The diaper drive will run through Dec. 12.
The Diaper Bank of Greater Atlanta was recently established to meet the increasing need of families in crisis who are unable to provide diapers for their children or purchase adult disposable undergarments for themselves, said Adrienne Hopkins, DBGA executive director.
Since September, it has hosted diaper drives and distributed more than 4,500 diapers to local community partners, which include the Community Health Foundation, Feed My Lambs, Tapestri, City of Refuge and Eden Village.
“I was actually watching television and a commercial by Huggies came on that said one in three families are unable to provide diapers for their children,” said Hopkins, who co-founded the nonprofit. “And the show that came on right after that was about a woman who was nine months pregnant and homeless. Being a mother of two small children, knowing how expensive diapers are, I was moved with compassion.”
Diaper donations can be dropped off at two locations: Shannon Upton State Farm at 1600 Kennesaw Due West Road, Suite 204, in Kennesaw, or the UPS store at 2774 North Cobb Parkway, Suite 109, in Kennesaw. Packages to UPS should be labeled “The Diaper Bank of Greater Atlanta #353 c/o The UPS Store.”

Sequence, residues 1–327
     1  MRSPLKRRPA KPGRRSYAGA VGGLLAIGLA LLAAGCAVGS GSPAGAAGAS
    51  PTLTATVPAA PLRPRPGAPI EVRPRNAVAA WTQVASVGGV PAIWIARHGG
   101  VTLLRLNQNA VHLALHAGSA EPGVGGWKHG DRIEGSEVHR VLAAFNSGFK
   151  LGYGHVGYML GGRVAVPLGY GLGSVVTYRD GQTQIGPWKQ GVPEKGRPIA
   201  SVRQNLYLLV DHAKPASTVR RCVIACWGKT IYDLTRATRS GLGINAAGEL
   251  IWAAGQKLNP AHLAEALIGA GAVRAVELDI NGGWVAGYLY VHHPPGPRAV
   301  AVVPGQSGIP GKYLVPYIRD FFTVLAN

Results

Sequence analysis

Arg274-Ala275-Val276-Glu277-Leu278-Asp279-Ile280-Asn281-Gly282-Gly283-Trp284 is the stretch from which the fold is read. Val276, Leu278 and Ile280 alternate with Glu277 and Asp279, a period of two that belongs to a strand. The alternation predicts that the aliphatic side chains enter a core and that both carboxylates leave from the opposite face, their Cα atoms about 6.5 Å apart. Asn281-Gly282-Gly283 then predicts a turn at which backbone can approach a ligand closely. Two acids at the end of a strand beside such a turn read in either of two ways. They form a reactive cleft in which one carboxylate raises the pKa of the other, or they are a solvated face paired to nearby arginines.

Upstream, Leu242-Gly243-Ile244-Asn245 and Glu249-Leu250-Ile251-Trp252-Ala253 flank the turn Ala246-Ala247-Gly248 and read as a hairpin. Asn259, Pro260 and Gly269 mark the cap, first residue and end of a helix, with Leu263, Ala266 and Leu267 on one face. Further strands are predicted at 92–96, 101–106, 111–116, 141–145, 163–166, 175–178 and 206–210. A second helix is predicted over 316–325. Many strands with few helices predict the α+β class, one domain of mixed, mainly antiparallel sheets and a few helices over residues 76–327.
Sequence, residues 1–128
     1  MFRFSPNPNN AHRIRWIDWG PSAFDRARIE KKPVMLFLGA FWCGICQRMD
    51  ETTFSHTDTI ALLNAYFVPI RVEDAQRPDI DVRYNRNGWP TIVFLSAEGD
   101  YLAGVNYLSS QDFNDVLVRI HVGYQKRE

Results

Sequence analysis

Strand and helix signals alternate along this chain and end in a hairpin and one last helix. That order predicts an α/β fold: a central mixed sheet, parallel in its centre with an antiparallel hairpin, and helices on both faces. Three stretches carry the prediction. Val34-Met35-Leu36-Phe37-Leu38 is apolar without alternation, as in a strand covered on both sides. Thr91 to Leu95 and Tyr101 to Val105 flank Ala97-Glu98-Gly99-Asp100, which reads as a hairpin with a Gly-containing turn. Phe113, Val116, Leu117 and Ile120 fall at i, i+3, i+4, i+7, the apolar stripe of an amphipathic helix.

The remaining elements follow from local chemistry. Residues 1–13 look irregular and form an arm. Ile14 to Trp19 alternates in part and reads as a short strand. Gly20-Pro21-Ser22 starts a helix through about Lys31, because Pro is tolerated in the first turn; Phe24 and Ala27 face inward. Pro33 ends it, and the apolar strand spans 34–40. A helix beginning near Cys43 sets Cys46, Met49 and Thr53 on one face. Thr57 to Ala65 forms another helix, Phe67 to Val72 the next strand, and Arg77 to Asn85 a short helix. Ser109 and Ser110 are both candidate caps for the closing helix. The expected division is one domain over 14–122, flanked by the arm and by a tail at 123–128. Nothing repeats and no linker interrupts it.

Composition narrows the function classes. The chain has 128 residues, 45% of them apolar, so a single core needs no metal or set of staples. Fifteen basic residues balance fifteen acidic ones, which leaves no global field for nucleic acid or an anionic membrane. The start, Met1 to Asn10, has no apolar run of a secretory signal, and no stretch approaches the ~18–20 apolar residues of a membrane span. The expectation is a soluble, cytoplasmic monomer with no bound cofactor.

According to the National Alliance to End Homelessness, families constitute about 41 percent of the homeless population.
Hopkins said the need for diapers is directly connected with the rising rate of homelessness and poverty in America.
“If you need diapers, then you’re probably going to need food, and if you need food, then you probably can’t pay your bills and things of that nature, so it’s a basic necessity that is not covered by food stamps or WIC,” she said.
Hopkins said parents without sufficient resources often allow their children to reuse disposable diapers, exposing them to staph and other infections. Too many elderly adults, she said, struggle to afford the rising costs of adult disposable undergarments.
“One of the reasons we decided to partner with other agencies is because if I gave you some diapers, you’re going to need some more next week,” she said. “However, when you partner with the agencies, they can also provide them with different services that will help them get back up on their feet.”
Shannon Weatherby is the education director at Marietta-based Feed My Lambs, which partners with local organizations to open tuition free Christian schools in impoverished areas. She said she sees the need for diapers all of the time with the families it serves.
“In fact, one of our schools is located inside of City of Refuge down in Atlanta, a homeless shelter for women and children, said Weatherby. “In our school there, we serve children from birth to age five.”
Individuals who cannot donate at the two locations can make an online donation at www.thediaperbankofgreateratlanta.org or make a diaper purchase from the organization’s Amazon Wish List.